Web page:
Wednesday, July 18, 2007

"It's Called An Illusion, Michael."

Ran across this fascinating tidbit yesterday on NASA's very-good-in-a-kinda-nerdy-way Astronomy Picture of the Day website. Check out the image below:

Would you believe that the two squares labeled "A" and "B" are the exact same shade of grey? Because they are. If you're like me, you probably already looked ahead a little bit and saw this proof:

These images were created by some guy named Edward H. Adelson, and were used by some other guy, apparently for some project at MIT. At least, that's where I got this explanation from:

"The first trick is based on local contrast. In shadow or not, a check that is lighter than its neighboring checks is probably lighter than average, and vice versa. In the figure, the light check in shadow is surrounded by darker checks. Thus, even though the check is physically dark, it is light when compared to its neighbors. The dark checks outside the shadow, conversely, are surrounded by lighter checks, so they look dark by comparison.

"A second trick is based on the fact that shadows often have soft edges, while paint boundaries (like the checks) often have sharp edges. The visual system tends to ignore gradual changes in light level, so that it can determine the color of the surfaces without being misled by shadows. In this figure, the shadow looks like a shadow, both because it is fuzzy and because the shadow casting object is visible."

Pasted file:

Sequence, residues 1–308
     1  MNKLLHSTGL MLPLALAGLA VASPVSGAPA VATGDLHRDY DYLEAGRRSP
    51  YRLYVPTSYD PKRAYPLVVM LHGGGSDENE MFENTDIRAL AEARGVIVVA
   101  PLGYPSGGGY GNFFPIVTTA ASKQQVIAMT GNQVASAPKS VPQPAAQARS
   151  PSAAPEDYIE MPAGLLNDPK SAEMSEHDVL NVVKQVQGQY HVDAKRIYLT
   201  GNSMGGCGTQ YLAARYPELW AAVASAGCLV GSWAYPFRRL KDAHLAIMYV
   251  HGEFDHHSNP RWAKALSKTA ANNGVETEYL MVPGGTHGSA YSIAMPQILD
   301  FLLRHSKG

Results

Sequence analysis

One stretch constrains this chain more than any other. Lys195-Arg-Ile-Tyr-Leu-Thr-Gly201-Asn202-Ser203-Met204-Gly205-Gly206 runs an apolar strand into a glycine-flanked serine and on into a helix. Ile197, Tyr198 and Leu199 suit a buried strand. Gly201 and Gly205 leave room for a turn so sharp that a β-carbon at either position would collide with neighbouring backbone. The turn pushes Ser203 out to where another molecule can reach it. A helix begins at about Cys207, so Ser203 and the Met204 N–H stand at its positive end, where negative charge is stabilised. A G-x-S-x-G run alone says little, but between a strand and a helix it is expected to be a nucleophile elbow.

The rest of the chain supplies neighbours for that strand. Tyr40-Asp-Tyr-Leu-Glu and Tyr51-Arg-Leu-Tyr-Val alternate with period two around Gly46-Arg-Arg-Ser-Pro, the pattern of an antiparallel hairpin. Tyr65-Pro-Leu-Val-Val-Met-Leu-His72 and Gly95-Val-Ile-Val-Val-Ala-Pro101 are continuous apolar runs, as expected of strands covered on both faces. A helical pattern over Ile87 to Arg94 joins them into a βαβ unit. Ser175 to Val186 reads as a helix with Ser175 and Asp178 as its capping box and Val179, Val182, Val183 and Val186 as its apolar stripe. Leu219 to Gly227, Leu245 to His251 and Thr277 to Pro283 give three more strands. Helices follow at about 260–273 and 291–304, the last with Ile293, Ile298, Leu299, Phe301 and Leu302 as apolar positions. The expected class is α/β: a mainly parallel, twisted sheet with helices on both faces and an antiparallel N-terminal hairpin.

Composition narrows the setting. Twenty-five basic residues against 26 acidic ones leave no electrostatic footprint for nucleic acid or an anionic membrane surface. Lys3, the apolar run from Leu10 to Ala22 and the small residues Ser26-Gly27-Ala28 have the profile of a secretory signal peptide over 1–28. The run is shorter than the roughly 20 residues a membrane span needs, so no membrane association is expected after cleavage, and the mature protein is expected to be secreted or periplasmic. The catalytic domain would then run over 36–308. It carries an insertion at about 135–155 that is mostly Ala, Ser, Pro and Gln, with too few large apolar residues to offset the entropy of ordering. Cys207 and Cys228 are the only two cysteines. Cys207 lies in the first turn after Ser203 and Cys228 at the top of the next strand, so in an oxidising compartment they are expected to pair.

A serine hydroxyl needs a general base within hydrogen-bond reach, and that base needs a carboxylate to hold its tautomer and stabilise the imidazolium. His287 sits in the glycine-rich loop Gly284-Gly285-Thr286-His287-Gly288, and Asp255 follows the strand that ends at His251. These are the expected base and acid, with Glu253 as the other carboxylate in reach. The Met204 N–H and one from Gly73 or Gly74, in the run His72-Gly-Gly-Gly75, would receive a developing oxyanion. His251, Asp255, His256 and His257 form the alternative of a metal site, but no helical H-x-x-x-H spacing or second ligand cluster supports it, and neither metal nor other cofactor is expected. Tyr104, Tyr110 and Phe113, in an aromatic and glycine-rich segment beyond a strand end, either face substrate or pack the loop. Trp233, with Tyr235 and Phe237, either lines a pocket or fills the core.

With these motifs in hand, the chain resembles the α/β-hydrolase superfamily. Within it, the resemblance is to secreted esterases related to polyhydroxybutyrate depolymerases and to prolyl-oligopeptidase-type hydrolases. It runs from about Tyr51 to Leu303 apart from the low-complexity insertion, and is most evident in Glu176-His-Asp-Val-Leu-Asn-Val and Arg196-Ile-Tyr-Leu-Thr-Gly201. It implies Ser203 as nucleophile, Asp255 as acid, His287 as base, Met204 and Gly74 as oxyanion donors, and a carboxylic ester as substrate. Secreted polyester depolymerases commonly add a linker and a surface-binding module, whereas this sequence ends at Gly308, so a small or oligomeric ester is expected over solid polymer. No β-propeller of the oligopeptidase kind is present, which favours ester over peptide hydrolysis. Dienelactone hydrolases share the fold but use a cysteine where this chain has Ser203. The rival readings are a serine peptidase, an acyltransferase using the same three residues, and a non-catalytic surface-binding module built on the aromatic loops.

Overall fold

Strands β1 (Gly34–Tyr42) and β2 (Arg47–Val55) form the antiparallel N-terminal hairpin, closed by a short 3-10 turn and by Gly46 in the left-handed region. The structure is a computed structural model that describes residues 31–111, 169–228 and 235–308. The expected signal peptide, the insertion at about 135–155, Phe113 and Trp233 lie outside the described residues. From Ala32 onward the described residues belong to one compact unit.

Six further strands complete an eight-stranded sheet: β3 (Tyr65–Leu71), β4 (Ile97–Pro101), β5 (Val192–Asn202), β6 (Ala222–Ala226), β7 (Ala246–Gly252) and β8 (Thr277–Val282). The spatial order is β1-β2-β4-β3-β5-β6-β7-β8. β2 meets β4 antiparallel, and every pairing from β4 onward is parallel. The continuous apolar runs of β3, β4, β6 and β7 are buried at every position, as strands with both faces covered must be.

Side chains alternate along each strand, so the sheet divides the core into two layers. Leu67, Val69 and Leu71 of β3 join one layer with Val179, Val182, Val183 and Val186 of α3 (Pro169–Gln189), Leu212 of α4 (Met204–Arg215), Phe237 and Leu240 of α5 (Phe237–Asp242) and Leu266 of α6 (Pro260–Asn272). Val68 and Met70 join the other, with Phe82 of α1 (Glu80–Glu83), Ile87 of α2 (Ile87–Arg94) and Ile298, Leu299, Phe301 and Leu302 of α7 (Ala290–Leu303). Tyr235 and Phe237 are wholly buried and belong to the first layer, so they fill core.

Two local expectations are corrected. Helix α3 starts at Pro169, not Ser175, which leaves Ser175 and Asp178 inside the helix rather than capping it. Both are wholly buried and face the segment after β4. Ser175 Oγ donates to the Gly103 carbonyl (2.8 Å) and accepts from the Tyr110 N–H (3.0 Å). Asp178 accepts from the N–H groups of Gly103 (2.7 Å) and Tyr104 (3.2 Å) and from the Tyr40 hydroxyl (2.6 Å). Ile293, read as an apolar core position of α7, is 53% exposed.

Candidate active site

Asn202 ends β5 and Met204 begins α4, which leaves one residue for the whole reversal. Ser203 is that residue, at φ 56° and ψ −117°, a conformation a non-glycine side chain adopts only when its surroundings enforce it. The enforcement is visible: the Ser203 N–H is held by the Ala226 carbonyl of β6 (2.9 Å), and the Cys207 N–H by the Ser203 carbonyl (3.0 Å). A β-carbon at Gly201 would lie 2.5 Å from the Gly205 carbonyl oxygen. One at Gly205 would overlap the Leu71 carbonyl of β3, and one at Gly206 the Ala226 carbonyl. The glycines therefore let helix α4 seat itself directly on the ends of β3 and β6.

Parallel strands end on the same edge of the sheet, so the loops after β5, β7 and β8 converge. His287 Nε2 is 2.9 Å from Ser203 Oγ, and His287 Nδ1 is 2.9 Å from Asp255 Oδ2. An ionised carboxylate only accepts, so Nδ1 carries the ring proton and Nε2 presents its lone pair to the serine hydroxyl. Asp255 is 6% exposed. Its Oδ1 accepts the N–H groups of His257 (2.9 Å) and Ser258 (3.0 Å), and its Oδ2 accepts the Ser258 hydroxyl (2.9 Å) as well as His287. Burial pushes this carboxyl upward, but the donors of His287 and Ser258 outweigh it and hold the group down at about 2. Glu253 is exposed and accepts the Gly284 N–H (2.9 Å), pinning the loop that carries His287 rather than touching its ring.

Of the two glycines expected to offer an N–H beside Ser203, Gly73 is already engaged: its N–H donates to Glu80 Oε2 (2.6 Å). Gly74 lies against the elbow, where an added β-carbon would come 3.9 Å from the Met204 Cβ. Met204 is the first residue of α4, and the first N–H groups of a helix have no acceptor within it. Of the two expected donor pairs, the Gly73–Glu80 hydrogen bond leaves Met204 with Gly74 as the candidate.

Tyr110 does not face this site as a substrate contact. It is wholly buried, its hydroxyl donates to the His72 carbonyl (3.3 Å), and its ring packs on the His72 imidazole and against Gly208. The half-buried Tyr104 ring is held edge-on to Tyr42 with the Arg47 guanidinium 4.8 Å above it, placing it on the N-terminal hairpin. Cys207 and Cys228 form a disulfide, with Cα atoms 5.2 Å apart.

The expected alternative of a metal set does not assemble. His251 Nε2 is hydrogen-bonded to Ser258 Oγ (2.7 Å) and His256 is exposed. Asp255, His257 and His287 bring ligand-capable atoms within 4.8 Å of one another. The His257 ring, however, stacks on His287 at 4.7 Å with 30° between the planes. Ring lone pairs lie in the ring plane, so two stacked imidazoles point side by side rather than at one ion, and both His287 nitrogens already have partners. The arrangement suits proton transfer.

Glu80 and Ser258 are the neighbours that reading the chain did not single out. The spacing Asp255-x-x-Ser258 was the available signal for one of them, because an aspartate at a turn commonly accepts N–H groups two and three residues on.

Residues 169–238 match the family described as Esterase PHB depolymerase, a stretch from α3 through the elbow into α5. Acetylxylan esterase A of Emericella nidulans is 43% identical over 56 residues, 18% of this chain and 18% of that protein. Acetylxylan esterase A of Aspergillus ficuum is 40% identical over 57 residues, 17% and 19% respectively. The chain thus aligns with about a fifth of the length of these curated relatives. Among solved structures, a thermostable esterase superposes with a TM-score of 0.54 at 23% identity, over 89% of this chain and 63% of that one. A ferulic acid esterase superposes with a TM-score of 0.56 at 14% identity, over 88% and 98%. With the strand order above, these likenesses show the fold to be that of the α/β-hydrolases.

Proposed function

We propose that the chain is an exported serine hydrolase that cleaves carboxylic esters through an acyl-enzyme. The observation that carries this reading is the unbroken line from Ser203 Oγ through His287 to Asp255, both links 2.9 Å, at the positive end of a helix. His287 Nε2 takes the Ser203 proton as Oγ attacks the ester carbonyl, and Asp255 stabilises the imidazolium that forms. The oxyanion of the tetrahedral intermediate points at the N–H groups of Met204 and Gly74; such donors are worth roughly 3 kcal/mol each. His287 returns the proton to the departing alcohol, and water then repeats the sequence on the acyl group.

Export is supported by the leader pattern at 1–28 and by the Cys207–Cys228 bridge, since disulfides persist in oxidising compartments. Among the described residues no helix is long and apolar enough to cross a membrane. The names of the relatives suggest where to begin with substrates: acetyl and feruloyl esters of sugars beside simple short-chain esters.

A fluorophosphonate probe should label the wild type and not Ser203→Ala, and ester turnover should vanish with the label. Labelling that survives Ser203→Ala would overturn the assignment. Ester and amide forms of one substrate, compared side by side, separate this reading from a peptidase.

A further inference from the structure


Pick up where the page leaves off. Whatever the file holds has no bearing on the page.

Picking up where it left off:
So, I guess that means our eyeballs and brain are just screwy, eh? Not so, says the MIT dude:

"As with many so-called illusions, this effect really demonstrates the success rather than the failure of the visual system. The visual system is not very good at being a physical light meter, but that is not its purpose. The important task is to break the image information down into meaningful components, and thereby perceive the nature of the objects in view."

Call me fascinated. If you'd like further proof that the squares are indeed the same shade of grey, click here.

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